Residents around the Kilauea mountain range in Hawaii that witnessed a volcano erupt in 2008 for the first time in 25 years; continue to face health problems due to the volcanic eruption.
Scientists are still working to alleviate effects of noxious gases released from the eruption in Hawaii.
Volcanic air pollution or “vog” occurs due to the release of Sulphur-di-oxide or So2 from active volcanoes and has deadly effects on nearby inhabitants. Kilauea Volcano has been active for past 25 years, with its first eruption in 1983 and most recent on March 29, 2008. An alarming three-fold increase in SO2 discharge happened in 2008.
Bernadette Longo, who has 8 years’ experience in “vog” research, published her findings in Journal of Toxicology and Environmental Health in September 2010. She is an assistant professor at the University's Orvis School of Nursing and studies nature of volcanic air pollution, its associated health risks and the effects on people of Ka’u Island by comparing health data prior and post volcanic eruption.
"An escalation of headaches, severe sore throats, cough and acute airway problems ( respiratory problems requiring breathing treatments and emergency hospitalization) occurred three months after the eruption," Bernadette Longo, an assistant professor at the University Orvis School of Nursing and studies, reported in the September issue of the Journal of Toxicology and Environmental Health. Longo has studied the health risks and the effects on people of Ka'u island in Hawaii.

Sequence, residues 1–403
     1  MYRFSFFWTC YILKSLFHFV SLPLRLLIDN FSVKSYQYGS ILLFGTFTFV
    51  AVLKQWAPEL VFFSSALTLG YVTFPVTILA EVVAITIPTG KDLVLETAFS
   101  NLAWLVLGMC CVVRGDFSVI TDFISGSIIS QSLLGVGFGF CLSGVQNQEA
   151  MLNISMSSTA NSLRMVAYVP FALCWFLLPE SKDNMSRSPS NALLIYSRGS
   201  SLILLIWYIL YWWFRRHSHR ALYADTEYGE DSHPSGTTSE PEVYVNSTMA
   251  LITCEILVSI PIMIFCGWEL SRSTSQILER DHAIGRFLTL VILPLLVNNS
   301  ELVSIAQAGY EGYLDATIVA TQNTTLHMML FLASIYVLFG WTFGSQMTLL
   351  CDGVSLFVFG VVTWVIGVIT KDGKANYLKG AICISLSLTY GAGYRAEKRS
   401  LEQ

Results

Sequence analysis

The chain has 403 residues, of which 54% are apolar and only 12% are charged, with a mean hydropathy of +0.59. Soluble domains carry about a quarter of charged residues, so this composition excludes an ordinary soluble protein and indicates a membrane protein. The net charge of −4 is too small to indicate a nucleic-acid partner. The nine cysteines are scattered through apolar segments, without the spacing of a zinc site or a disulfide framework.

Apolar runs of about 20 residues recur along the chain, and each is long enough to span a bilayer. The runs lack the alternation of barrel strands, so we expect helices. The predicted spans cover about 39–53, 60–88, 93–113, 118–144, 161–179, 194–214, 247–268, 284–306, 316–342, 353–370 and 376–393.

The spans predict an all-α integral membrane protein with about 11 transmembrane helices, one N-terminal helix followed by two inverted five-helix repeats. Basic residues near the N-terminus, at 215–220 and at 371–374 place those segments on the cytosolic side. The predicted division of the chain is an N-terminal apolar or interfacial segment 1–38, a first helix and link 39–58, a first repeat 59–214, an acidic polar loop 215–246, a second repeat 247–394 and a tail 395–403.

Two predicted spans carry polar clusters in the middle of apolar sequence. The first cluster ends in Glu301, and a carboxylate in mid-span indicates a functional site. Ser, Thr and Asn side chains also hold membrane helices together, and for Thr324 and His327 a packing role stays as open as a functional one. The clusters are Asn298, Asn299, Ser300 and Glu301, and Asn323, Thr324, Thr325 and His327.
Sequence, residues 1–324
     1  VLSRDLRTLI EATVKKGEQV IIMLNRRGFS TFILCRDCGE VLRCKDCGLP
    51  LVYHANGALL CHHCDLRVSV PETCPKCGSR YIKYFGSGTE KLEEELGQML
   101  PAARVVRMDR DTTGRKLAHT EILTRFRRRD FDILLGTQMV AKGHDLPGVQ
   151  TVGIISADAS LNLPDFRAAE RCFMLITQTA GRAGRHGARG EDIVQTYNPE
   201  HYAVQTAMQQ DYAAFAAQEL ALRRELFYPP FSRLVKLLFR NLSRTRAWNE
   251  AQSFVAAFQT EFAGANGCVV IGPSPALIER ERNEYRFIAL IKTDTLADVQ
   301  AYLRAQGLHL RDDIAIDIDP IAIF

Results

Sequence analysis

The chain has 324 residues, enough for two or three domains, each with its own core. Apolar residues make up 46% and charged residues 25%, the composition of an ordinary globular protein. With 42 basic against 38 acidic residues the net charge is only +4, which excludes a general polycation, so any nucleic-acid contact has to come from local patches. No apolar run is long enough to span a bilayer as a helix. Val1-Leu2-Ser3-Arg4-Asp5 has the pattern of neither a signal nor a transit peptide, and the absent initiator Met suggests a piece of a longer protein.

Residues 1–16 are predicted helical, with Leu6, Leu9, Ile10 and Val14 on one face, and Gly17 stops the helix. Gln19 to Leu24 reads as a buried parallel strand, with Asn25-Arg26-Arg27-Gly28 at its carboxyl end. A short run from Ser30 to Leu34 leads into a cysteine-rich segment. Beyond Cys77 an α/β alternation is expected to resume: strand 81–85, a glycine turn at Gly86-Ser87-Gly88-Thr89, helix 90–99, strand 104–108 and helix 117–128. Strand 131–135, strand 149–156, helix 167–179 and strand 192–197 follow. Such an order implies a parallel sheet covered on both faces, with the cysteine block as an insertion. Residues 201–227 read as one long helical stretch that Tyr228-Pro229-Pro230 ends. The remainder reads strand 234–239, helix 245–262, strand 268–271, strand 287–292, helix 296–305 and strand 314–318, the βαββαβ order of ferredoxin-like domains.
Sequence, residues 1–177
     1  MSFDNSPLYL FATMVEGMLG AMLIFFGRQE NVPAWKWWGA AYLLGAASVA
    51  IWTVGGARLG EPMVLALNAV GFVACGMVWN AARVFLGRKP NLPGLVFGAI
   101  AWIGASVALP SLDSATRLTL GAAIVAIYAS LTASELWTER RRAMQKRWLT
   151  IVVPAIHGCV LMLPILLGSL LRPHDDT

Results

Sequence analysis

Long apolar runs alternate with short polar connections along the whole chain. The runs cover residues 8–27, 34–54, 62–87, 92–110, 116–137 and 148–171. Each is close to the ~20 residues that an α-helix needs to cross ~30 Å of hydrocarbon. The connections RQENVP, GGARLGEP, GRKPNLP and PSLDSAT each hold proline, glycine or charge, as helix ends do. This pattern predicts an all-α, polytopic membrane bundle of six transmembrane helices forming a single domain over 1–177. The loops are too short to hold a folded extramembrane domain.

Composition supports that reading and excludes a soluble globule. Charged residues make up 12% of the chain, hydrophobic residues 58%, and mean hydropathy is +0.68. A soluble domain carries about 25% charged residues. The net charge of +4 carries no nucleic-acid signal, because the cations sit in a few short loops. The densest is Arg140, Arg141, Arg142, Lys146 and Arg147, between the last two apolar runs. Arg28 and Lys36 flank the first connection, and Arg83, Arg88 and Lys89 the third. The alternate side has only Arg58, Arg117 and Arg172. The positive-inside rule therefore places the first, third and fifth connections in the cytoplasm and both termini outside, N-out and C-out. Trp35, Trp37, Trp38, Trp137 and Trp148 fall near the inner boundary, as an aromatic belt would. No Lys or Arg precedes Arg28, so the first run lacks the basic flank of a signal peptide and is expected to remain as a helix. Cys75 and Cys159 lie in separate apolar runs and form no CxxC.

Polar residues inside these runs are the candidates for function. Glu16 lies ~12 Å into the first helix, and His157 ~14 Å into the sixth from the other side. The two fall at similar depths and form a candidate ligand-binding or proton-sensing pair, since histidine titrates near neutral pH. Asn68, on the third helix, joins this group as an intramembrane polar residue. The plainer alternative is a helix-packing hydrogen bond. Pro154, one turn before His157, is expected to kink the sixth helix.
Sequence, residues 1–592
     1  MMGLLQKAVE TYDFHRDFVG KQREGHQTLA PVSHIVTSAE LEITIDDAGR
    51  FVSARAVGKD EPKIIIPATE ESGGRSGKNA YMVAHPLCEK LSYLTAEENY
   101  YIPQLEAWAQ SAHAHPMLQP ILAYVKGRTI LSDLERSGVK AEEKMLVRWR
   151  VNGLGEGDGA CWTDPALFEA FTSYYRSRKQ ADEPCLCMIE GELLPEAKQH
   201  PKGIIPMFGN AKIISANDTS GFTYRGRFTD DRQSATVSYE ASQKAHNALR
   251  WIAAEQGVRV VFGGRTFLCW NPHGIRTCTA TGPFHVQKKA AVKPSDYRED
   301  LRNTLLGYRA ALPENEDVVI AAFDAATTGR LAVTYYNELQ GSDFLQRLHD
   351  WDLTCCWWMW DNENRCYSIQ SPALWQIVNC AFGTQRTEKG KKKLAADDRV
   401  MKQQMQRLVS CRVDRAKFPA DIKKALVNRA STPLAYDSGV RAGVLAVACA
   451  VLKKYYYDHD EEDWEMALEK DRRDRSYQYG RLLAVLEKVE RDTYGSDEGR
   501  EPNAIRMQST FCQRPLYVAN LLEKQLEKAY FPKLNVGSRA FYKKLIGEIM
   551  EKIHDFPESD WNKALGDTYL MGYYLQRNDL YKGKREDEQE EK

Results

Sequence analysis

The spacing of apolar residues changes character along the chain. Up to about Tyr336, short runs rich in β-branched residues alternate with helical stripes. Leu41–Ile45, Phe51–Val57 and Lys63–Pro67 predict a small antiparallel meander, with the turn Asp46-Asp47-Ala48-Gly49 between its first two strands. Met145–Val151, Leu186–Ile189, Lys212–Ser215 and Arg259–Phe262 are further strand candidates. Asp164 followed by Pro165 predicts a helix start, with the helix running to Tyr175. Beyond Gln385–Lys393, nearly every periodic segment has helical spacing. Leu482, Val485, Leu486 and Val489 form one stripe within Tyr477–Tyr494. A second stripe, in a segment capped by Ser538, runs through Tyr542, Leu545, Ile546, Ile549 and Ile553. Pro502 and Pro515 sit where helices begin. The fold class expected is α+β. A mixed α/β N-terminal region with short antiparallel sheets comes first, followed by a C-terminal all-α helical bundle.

“The high risk groups were children, adolescents, elderly, smokers, and asthma and emphysema patients. Children incline to breathe through their mouths, which does not filter the air-borne harmful substances from reaching their respiratory tract," the study said.
Researchers have warned of SO2 penetration into Kilauea schools and hospitals when they open their windows or have open ventilation or in the absence of or discontinuing air-conditioners. Simple precautions namely, closing windows, avoiding direct vog exposure during heavy-risk times from 7:00pm to 10:00 am everyday will make it safe for Kilauea community to circumvent health risks. However, it is safe for residents to conduct normal activity during afternoons when trade winds disburse the vog effect, the study said.
Longo works with local agencies and doctors in educating the Ka'u community on volcanic air pollution risks. Schools installed air-conditioners and ventilation systems in the hospitals were improved. Longo and her team are waiting for funding to implement additional improvements planned for the Ka’u community.
Longo’s research finds support from the federal and Hawaii state. The findings form this research was instrumental in bringing more doctors and nurses for healthcare. A special task force was created in House of representatives to study this research.